A Conversation with Silas Carson
Dr. Raghib Mutar
Q: Who do you play in THE GRID?
A: I play Dr. Mutar. He's a really interesting character. He's spent his life saving lives and trying to make people's lives better, but he lives in a world in which drugs and money are denied to him. He, and what he is trying to do, suffers, and he develops a deep-seeded anger. A former acquaintance who now operates a terrorist cell, Muhammad, works on this anger. I think the writing for this role is very brave. The piece shows how and why this character, who you have deep sympathies for throughout the program, becomes essentially one of the bad guys. It really tests your black-and-white view of the world.
Q: What do you think audiences will take away after seeing THE GRID?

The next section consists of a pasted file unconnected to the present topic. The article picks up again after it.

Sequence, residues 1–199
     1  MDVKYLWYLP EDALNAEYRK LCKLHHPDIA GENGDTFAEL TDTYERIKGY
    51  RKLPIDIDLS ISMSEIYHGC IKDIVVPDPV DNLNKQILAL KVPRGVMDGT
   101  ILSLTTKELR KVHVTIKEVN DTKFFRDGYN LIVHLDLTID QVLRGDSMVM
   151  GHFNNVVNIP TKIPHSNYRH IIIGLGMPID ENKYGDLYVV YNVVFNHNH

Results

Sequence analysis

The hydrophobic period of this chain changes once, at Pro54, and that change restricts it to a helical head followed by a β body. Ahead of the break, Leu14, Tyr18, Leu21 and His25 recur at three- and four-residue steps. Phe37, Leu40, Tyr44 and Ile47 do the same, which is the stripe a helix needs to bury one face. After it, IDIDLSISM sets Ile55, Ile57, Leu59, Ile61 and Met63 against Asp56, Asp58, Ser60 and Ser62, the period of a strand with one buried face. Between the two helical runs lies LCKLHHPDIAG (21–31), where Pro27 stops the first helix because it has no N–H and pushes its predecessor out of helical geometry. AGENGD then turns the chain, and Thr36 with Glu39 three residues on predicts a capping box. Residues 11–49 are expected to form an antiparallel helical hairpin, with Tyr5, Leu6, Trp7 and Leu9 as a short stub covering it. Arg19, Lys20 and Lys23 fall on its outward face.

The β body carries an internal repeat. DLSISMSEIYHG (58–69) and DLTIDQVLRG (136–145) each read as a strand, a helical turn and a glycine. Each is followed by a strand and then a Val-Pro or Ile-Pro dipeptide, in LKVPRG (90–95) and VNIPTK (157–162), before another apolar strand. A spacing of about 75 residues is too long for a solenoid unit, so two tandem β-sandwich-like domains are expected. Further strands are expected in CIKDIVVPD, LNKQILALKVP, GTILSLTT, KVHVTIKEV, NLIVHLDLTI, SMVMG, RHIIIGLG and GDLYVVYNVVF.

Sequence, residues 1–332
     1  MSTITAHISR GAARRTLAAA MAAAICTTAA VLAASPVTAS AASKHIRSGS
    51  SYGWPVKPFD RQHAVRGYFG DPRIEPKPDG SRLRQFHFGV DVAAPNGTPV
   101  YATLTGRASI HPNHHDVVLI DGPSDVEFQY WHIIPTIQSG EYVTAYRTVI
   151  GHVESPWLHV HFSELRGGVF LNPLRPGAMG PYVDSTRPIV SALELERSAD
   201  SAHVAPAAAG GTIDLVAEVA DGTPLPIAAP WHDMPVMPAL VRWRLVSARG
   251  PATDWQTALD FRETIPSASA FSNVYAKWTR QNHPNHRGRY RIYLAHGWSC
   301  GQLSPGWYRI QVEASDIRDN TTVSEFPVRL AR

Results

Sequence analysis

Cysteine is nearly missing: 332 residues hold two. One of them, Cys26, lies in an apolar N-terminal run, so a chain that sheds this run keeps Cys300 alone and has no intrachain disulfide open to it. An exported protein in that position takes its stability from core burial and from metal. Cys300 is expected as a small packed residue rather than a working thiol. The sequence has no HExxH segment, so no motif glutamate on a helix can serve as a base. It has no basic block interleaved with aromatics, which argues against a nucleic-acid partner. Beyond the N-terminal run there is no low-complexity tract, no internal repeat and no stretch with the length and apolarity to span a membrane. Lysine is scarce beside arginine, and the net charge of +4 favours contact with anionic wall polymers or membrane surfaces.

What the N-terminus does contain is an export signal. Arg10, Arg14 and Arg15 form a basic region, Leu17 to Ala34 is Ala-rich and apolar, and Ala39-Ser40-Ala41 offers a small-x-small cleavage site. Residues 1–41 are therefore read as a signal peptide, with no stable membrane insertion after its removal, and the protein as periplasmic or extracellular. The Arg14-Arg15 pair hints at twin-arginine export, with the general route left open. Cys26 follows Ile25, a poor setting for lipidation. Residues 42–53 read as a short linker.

A: I hope it makes people sympathetic to the plight of those in the world who are living under constant indiscriminate bombings and constant lack of funding. I also hope it reaches others to show there is another way to stop the cycle of violence. I think the ways in which we do that is to make sure the have-nots in this world start to have and to understand culturally and historically the conditions under which some of these people live. We're deeply ignorant in our part of the world of what goes on in the Middle East.